Around the same time I noticed that a number of academic libraries were posting for new (or newish) “assessment librarians,” I went to a cool lecture by Dr. Eliza Dresang about a project teaming LIS researchers with children’s librarians to investigate impact of early literacy programming.
After the lecture, a local children’s librarian extraordinaire and I began a conversation – still ongoing – about assessment & impact research in public libraries. I’m a firm believer that in order to a) provide the best possible service to the community, and b) justify funding, libraries ought to be doing assessment beyond mere program evaluation.
Unfortunately, library school “research methods” courses seem generally weak, and there is limited professional development on research methods for professional librarians. Even excellent library programs often result in needlessly-biased evaluation reports that could have provided more valid evidence if only the methods have been stronger. Even senior librarians in public libraries confuse evaluation with assessment with research (yes there is ample grey area in there, but the terms are not synonymous), and fall into the trap of trying to demonstrate impact & value by counting things/measuring productivity.*
Adding to the challenge, few public libraries are intimately connected with professional academic researchers, and few librarians have the time to learn how to conduct unbiased program evaluations, let alone develop high-quality impact assessment skills.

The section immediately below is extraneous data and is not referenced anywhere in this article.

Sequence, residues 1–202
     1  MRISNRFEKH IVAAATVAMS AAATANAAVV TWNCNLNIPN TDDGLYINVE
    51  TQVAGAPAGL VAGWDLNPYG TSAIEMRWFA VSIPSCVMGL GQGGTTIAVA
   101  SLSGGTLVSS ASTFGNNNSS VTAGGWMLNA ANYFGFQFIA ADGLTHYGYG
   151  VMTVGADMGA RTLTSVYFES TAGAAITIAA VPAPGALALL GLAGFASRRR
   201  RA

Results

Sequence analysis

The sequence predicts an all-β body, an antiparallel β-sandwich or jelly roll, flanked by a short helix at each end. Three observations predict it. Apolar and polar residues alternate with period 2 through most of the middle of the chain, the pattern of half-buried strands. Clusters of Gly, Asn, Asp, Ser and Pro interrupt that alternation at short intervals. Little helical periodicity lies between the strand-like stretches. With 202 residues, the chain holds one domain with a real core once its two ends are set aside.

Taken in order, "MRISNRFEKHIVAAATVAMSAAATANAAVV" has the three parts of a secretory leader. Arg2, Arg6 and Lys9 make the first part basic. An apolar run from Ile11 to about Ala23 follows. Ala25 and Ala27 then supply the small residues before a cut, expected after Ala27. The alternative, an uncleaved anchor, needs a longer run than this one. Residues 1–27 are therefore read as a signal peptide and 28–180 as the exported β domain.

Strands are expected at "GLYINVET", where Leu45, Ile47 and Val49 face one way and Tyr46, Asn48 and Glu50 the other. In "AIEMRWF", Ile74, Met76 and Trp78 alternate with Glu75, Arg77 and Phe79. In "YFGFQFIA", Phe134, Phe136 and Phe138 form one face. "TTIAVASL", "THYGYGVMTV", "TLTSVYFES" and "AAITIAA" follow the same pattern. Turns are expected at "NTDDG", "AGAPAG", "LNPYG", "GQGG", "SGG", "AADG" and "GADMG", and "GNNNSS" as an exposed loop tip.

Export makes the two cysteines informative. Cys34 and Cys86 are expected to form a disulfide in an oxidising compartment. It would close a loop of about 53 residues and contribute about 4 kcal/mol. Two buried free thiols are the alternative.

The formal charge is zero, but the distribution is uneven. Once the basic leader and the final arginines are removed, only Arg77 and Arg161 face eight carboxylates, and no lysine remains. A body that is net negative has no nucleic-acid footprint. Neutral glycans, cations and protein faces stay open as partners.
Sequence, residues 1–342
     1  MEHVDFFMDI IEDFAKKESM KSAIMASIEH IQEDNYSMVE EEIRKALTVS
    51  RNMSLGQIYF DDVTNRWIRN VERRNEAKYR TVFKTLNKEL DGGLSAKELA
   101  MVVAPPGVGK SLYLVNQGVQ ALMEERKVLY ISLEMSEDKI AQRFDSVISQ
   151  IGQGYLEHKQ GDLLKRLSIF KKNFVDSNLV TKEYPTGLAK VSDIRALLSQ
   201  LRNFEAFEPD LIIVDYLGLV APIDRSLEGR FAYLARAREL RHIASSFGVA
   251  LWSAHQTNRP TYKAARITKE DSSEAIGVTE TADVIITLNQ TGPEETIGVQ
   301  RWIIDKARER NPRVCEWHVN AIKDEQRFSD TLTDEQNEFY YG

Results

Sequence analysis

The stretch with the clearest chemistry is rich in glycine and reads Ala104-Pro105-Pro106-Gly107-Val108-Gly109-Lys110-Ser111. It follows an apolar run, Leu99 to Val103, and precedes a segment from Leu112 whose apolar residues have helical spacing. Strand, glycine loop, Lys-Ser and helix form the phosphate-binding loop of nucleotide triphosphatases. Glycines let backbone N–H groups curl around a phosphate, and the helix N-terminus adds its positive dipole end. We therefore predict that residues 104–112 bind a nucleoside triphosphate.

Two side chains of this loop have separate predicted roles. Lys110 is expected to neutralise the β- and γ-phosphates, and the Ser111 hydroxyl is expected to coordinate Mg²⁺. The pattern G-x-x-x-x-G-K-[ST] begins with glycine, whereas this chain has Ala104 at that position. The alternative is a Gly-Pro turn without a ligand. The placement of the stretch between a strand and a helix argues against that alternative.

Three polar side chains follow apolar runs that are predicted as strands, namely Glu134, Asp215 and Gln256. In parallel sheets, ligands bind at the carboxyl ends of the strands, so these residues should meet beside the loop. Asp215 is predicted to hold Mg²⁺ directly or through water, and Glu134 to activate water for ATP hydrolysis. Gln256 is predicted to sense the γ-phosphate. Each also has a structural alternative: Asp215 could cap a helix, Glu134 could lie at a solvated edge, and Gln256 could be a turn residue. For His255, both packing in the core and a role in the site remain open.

In my mind, large public library systems should consider taking a page out of academic libraries’ new book and hiring internal research staff to demonstrate value and investigate impact. What’s more, government bodies that oversee libraries (e.g., the BC Public Libraries Services Branch) should be hiring staff to a) support library-based assessment & research, and b) coordinate, liaise with & conduct research on the value and impact of public library services.
I know that asking more more staff seems expensive, and there have been a couple of years of belt-tightening in a row at this point, but some of the best things the library sector could do to improve our ability to advocate for funding are to
- provide evidence of impact and
- ensure that services are relevant to the community
*To those nodding along with my concerns but unsure of how to move beyond these common problems, I recommend Markless & Streatfield’s Evaluating the Impact of Your Library, published by CILIP’s Facet Press. It does a great job of walking one through that process of mid-level assessment between basic program eval/library stats and full-fledged long-term impact research.